After all, why would it be reassuring or comforting to point out to someone who has a problem that there are other people who have it worse? Unless the person to whom you are talking has some serious personality issues, they aren’t going to be happy about someone else’s woes. Even if someone is unselfish enough to easily and immediately forget their own difficulties in order to feel sympathy for someone else, that person is still not going to be happy about the situation. Empathy for other people’s hardships is not an enjoyable state of mind, even if it is morally better than feeling sorry for one’s self.

By an odd coincidence, nearly every time that someone I know has been seriously injured, it has occurred at a time when I was frustrated by a reoccurring minor injury myself, and it neither cheered me up nor cured my not-really-very-severe pain to know that someone else was suffering from much worse pain. It made me feel both guilty and worried at a time when I was already upset.

Besides that, it’s not as if a person can suddenly become happy just by deciding that they ought to be happy. Despite what every motivational speaker has repeatedly said, you don’t choose your emotions. They are determined in part by your personality and in part by the circumstances and events of your life. Neither of those factors is something that you can change at will; if they were, you wouldn’t ever be unhappy in the first place. When things are going badly, the last thing you need is someone trying to guilt-trip you into being happy, especially because guilt is also a negative emotion.

Number Three: “God will never give you more than you can handle.”

"Susie's had a rough day, so I don't think she can handle anything else going wrong at the moment, but I bet Bobby could take a few hurtful insults, a car accident, and a death in the family before he totally loses it."

“Susie’s had a rough day, so I don’t think she can handle anything else going wrong at the moment, but I bet Bobby could take a few hurtful insults, a car accident, and a death in the family before he totally loses it.”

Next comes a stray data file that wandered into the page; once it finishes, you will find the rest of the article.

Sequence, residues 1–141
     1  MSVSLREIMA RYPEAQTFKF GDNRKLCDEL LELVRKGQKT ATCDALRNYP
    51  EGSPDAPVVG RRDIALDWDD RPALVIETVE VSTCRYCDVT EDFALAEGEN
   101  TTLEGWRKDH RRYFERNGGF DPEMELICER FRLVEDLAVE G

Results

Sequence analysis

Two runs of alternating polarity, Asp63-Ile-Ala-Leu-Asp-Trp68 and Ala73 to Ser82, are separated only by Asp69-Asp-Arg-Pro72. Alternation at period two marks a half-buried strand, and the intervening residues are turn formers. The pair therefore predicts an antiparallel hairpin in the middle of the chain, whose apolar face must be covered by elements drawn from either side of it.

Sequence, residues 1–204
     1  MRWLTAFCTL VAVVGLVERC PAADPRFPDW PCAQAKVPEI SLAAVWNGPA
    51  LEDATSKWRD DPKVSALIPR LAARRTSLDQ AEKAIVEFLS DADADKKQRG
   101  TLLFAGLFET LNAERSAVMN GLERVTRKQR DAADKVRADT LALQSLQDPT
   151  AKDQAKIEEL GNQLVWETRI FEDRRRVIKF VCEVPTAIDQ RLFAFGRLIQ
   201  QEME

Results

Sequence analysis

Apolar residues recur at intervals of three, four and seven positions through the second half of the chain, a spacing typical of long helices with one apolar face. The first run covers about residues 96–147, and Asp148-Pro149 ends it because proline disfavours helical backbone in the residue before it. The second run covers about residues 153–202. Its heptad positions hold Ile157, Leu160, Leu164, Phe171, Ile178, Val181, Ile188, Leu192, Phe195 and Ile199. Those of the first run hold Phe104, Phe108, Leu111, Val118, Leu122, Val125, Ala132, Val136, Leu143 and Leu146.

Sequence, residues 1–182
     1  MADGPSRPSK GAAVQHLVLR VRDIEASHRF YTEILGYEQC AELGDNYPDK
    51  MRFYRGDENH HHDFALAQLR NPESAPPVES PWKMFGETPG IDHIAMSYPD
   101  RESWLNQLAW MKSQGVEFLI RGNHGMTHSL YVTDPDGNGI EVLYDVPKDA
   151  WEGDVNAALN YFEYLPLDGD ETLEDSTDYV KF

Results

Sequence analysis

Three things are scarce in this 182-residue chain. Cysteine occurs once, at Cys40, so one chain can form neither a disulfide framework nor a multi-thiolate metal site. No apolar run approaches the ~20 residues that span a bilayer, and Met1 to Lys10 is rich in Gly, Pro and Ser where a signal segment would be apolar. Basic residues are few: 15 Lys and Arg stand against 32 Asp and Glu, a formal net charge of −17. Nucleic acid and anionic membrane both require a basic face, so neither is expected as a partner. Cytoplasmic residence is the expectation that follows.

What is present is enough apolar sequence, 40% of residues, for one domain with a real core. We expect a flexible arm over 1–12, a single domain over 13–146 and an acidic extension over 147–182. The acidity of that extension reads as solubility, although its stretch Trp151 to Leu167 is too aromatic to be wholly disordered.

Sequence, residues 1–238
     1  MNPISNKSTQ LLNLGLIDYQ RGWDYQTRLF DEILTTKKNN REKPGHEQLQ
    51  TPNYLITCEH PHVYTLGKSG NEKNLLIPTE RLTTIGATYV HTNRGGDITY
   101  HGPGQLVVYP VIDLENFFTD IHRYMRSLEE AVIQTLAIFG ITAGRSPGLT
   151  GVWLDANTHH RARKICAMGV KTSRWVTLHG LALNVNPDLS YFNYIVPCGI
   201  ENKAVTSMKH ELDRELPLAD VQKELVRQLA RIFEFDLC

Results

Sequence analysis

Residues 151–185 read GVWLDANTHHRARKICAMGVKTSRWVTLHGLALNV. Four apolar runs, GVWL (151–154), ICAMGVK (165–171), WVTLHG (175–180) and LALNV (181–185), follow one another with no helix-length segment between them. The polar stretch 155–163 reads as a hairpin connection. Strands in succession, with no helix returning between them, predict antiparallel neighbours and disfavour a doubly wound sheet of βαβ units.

Like many religious clichés, this isn’t actually in the Bible, but it’s often quoted as a piece of scriptural wisdom.  You can already tell from that fact alone that something’s a little fishy about it. Granted, there are some Bible verses that could technically be reworded to say this, if you were really flexible with how you defined what it means to be able to “handle” something. But that ambiguity is the only way you can get away with using this cliché. After all, stress and unhappiness can worsen physical diseases and trigger mental illnesses, people’s personalities and outlooks on life can change for the worse because of difficult experiences, and there have even been people who have lost their faith after going through a traumatic loss. If none of those things count as not being able to “handle” something, I’m not sure what would.

This is essentially a false promise, just like the false promise that God will give you financial abundance if you donate a certain amount of money to a televangelist, or that God will heal the physical infirmities of anyone whose faith is strong enough. (So therefore, anyone who is ill or injured or who has a disability must not have very strong faith.) And just like those other false promises that claim to come from God, there is risk that a person will be turned away from the church when they realize that life as a Christian really isn’t free from all cares and concerns. There are plenty of wonderful promises that God does make; there isn’t any need for people to make up their own divine promises to share with each other just because they sound good.

Of course, that isn’t to say that anyone who hears a cliché like this will be turned away from their faith. More likely, the person hearing these kinds of promises will be hurt that they’re being fed meaningless clichés when they could really use some genuine moral support. But that’s still a good reason that people just shouldn’t say things like this.